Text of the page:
Vaccinating your New Puppy


Vaccinating your puppy will ensure your dog is protected from a range of contagious and potentially life threatening diseases.

Mon 05 Jun 2017

By Judy

Vaccinating your New Puppy

Why vaccinate your new puppy?

Vaccinating your puppy will ensure your dog is protected from a range of contagious and potentially life threatening diseases. Puppies are more prone to illnesses and diseases than older dogs due to their low immune systems that only develop as the dog grows and becomes stronger. It's important therefore to make sure your puppy is vaccinated and equally important not to let your puppy out immediately after vaccination.

Why are puppies not vaccinated at birth?

Puppies are born partially protected from infections from the milk given to them by their mothers, so the first of two injections is necessary at 7-8 weeks.

How are vaccinations given to our dogs?

Canine vaccinations are given by injection by your vet, apart from the vaccination for kennel cough which is generally administered through a nasal spray. However, not all breeds of dogs may be suitable for the vaccination for kennel cough by nasal  spray and may require an injection instead.

A puppy will require two seperate injections given two weeks apart to give immunity from diseases. The first vaccination is usually given at 7-8 weeks and the second injection two weeks later. Your puppy will have to wait a week after the second vaccination before it's safe to venture outdoors for the first time!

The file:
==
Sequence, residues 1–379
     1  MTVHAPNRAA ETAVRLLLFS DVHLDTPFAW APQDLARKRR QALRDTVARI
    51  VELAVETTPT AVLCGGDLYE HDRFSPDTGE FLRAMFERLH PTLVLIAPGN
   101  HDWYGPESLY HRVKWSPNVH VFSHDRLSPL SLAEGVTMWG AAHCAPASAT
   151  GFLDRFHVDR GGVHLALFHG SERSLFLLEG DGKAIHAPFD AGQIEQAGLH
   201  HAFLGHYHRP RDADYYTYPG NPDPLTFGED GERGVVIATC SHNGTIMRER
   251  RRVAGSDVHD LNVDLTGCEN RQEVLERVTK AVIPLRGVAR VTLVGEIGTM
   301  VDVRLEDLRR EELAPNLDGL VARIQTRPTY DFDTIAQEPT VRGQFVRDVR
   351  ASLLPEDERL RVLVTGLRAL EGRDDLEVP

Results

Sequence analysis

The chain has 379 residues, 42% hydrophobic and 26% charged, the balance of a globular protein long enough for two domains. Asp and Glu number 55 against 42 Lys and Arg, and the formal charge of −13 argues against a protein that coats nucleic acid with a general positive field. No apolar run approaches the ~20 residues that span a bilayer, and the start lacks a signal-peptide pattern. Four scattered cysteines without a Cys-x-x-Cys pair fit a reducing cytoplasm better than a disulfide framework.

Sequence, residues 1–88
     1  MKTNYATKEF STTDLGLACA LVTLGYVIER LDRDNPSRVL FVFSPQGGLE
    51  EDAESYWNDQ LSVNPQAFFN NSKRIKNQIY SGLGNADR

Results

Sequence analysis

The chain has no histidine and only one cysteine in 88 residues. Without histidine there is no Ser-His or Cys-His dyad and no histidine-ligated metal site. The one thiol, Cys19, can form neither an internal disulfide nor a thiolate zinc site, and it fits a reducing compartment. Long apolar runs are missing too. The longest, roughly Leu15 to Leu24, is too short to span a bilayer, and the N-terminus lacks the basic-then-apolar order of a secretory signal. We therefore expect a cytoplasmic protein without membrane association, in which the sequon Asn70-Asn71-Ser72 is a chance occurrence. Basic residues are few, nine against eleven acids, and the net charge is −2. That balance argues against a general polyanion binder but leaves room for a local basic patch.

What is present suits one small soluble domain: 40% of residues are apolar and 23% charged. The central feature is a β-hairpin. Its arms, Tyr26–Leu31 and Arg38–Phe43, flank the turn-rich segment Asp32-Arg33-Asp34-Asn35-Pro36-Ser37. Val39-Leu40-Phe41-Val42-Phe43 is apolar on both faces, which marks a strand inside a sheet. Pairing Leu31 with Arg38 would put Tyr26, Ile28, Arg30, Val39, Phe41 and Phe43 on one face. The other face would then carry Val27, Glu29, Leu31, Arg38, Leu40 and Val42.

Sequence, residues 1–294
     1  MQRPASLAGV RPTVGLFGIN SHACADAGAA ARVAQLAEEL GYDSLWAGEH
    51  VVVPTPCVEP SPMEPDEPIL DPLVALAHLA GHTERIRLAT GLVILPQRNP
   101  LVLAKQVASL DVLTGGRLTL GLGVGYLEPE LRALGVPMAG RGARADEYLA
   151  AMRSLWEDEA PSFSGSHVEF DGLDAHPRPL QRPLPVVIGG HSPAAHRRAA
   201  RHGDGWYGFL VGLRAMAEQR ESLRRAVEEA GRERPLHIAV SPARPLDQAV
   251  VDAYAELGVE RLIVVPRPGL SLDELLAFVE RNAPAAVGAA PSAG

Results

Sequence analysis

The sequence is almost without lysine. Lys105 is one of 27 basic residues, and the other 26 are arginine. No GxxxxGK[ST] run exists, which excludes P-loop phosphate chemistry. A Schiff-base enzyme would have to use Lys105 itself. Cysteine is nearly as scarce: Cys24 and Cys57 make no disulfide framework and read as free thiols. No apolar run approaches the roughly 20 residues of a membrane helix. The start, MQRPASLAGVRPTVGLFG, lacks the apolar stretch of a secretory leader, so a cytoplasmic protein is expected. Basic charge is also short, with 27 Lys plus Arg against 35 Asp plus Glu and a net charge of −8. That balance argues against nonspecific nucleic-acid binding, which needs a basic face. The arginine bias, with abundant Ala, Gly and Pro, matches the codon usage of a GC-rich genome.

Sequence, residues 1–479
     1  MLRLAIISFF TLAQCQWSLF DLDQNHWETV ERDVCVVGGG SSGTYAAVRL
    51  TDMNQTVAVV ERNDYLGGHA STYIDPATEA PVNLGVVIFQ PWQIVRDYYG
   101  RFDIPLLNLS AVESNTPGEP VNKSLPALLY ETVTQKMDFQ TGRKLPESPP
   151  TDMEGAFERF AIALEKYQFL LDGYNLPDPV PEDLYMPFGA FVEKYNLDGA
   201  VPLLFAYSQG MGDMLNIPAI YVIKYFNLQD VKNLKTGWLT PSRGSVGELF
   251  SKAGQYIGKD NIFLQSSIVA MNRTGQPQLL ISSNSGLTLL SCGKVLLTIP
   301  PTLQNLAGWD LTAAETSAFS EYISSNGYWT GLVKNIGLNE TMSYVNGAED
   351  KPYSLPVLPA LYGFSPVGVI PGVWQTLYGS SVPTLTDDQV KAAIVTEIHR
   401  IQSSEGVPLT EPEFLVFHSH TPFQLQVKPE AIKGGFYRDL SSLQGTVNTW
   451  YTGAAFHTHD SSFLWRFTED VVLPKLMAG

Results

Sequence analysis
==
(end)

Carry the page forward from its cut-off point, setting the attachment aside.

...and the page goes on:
What conditions do vaccinations protect our dogs from?

The usual conditions and contagious illnesses that we vaccinate against are:

  • Canine Distemper
  • Canine Parvovirus
  • Canine Parainfluenza Virus
  • Infectious Canine Hepatitis
  • Leptospirosis
  • Kennel Cough

Canine Coronavirus is a fairly new vaccine and not offered in every veterinary practice. You will need to consult your vet to find out if Canine Coronavirus is included in their vaccination program.

The vaccination for rabies, if required, is normally administered on its own. Fortunately Rabies is not seen in this country at the present time. But if you plan to take your dog abroad you will need a pet passport and part of this process requires vaccination against rabies.

Many dog owners choose not to vaccinate against kennel cough, believing that kennel cough only affects dogs that frequent boarding kennels. This is certainly not the case and dogs are at risk from Kennel Cough from grooming salons or simply while out and about on the dog walk and mixing with other dogs. Kennel Cough is extremely contagious and vets will often insist on coming out of the vets to treat dogs to avoid infecting other dogs in the reception area. We certainly recommend vaccinating against kennel cough which costs around £30.

Is there a health risk to my dog after being vaccinated?

Adverse reactions from vaccinations are rare and should not be an excuse to not vaccinate your pet. A minority of dogs may develop a rash or sensitivity after vaccination and a small number of dogs may be a little lethargic after vaccination for a day or so. The benefits of vaccinations far outweigh the negatives and will protect your dog from potential fatal illnesses.